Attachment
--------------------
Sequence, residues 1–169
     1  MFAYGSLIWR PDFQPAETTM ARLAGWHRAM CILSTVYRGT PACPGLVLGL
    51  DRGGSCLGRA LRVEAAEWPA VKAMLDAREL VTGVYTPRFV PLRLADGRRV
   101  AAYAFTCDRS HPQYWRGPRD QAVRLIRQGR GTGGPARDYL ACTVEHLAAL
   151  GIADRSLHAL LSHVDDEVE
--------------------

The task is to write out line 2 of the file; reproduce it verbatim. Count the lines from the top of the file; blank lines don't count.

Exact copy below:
     1  MFAYGSLIWR PDFQPAETTM ARLAGWHRAM CILSTVYRGT PACPGLVLGL